and try a lot items, but didnt arrived anywhere.

  • 2
    $\begingroup$ According to Wolfram, there is no anti derivative in terms of standard functions, since this is a definite integral I suspect a "trickier" method must be used rather than conventional integration $\endgroup$ – imranfat Aug 10 '16 at 20:11
  • $\begingroup$ okey okey,$\infty$ sorry. $\endgroup$ – user2312512851 Aug 10 '16 at 20:17
  • $\begingroup$ Evaluate the closed contour integral $$\oint_C \frac{\log^3(z)}{z^2+1}\,dz$$where $C$ is the classical keyhole contour. $\endgroup$ – Mark Viola Aug 10 '16 at 20:27
  • $\begingroup$ @OlivierOloa: I noticed, why do you tell me ? $\endgroup$ – Yves Daoust Aug 10 '16 at 20:39
  • $\begingroup$ This type of integral was also computed at the following MSE link. $\endgroup$ – Marko Riedel Aug 10 '16 at 21:10

We may prove through Euler's beta function and the reflection formula for the $\Gamma$ function that for any $a\in(-1,1)$ we have $$ I(a)=\int_{0}^{+\infty}\frac{x^a}{x^2+1}\,dx = \frac{\pi}{2\cos\left(\frac{\pi a}{2}\right)} \tag{1}$$ hence: $$ I''(0) = \int_{0}^{+\infty}\frac{\log^2(x)}{x^2+1}\,dx = \lim_{a\to 0}\frac{\pi^3(3-\cos(a\pi))}{16\cos^3\left(\frac{\pi a}{2}\right)}=\color{red}{\frac{\pi^3}{8}}.\tag{2}$$

I would like to point out a related fact, too.

  • $\begingroup$ This is really nice. $\endgroup$ – James Aug 11 '16 at 1:25

Hint. A possible route. One may write, with the change of variable $x \to \frac1x$, $$ \int_0^{\infty}\dfrac{\ln^2x}{1+x^2}dx=\int_0^1\dfrac{\ln^2x}{1+x^2}dx+\int_1^{\infty}\dfrac{\ln^2x}{1+x^2}dx=2\int_0^1\dfrac{\ln^2x}{1+x^2}dx $$ then one may expand the integrand and integrate termwise, getting $$ 2\int_0^1\dfrac{\ln^2x}{1+x^2}dx=2\sum_{n=0}^\infty(-1)^n\int_0^1x^{2n}\ln^2xdx=4\sum_{n=0}^\infty\frac{(-1)^n}{(2n+1)^3}=\frac{\pi ^3}{8}. $$

  • $\begingroup$ This approach is fine, but requires one to know the value of the series. An alternative is to evaluate the classical keyhole contour integral of $\frac{\log^3(z)}{z^2+1}$. Or even use Feynman's Trick and evaluate the second derivative of $\int_0^\infty \frac{x^a}{x^2+1}\,dx$ at $a=0$. ;-)) -Mark $\endgroup$ – Mark Viola Aug 10 '16 at 20:33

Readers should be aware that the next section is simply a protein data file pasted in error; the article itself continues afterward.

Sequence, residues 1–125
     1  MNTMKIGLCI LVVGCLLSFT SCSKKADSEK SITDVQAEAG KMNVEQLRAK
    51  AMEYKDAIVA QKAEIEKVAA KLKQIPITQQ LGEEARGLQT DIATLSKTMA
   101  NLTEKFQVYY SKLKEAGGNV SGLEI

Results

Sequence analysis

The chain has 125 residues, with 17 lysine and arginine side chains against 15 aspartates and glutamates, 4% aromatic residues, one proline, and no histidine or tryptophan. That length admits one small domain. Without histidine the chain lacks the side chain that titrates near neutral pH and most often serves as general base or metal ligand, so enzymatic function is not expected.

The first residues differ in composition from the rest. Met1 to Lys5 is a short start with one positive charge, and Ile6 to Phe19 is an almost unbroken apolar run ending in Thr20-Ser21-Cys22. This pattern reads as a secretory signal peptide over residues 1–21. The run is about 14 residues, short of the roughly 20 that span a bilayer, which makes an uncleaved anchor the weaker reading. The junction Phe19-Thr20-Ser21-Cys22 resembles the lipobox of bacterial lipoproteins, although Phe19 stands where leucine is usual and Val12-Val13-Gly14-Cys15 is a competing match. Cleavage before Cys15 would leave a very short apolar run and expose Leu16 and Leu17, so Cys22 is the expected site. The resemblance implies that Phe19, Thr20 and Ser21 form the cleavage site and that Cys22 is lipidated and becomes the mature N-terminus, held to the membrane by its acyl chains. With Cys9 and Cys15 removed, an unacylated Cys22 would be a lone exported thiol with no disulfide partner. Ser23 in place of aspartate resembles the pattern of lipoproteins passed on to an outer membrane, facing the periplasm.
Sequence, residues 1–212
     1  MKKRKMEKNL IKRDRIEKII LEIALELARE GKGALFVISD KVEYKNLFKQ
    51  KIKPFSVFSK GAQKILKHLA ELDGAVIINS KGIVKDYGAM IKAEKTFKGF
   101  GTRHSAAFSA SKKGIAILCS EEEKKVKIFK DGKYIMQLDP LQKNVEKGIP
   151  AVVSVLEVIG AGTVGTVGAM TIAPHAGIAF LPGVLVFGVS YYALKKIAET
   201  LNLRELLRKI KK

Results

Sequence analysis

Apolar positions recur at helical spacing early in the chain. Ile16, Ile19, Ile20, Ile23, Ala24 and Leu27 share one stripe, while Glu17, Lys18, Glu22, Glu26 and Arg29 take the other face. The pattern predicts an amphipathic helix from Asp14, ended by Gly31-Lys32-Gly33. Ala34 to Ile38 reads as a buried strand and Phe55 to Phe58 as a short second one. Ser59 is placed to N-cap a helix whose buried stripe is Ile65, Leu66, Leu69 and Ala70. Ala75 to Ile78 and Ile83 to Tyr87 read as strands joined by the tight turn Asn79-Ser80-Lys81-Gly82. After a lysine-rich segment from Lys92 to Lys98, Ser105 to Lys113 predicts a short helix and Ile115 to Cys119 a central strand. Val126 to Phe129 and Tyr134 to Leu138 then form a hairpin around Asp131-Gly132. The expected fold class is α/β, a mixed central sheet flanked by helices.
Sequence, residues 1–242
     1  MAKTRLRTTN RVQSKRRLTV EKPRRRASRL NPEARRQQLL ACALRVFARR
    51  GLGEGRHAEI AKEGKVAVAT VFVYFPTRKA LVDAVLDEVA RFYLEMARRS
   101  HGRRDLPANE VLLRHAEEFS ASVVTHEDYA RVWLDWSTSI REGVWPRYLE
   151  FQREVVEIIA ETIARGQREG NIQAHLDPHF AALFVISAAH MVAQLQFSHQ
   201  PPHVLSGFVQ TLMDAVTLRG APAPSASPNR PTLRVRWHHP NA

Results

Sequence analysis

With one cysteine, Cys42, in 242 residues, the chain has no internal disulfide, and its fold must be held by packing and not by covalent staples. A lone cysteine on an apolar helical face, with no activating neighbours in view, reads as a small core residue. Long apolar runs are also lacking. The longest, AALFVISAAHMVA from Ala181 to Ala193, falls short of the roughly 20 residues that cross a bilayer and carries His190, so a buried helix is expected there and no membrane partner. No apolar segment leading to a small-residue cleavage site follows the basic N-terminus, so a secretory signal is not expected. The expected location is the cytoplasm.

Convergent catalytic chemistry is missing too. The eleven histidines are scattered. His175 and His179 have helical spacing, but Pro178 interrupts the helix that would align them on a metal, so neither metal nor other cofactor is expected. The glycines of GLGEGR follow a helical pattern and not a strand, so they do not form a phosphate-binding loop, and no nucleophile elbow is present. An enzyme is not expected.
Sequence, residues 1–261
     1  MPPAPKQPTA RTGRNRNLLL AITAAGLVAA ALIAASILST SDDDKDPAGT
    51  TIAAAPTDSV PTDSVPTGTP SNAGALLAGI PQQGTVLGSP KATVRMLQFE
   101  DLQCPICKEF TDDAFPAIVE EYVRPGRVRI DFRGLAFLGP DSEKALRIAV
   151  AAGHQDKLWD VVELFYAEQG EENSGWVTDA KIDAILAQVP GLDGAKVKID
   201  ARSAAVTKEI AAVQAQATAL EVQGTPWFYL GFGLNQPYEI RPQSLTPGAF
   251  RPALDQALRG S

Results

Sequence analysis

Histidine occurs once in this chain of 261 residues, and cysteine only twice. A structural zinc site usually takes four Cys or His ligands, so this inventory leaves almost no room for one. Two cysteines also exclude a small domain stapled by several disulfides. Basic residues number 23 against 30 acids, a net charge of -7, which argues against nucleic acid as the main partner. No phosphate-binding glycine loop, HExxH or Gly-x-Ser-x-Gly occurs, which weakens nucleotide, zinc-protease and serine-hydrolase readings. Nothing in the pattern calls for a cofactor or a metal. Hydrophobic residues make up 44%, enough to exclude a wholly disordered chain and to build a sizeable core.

Let us evaluate it via the Mellin transform \begin{equation} \mathcal{M}[f(x)](s) = \int\limits_{0}^{\infty} x^{s-1} f(x) \mathrm{d} x \label{eq:1608132} \tag{2} \end{equation}

where \begin{equation} f(x) = \frac{1}{1+x^{2}} \label{eq:1608133} \tag{3} \end{equation}

Applying the Mellin transform, yields \begin{equation} \mathcal{M}[f(x)](s) = \int\limits_{0}^{\infty} \frac{x^{s-1}}{1+x^{2}} \mathrm{d} x = \frac{\pi}{2}\csc\left(\frac{\pi}{2}s\right) \label{eq:1608134} \tag{4} \end{equation}

And thus \begin{align} \int\limits_{0}^{\infty} \frac{\mathrm{ln}^{2}(x)}{1+x^{2}} \mathrm{d} x & = \frac{\mathrm{d}^{2}}{\mathrm{d}s^{2}} \int\limits_{0}^{\infty} \frac{x^{s-1}}{1+x^{2}} \mathrm{d} x |_{s=1} \\ & = \frac{\mathrm{d}^{2}}{\mathrm{d}s^{2}} \frac{\pi}{2}\csc\left(\frac{\pi}{2}s\right) |_{s=1} \\ & = \frac{\pi^{3}}{16}[\cos(\pi s) + 3]\csc^{3}\left(\frac{\pi}{2}s\right) |_{s=1} \\ & = \frac{\pi^{3}}{8} \label{eq:1608135} \tag{5} \end{align}


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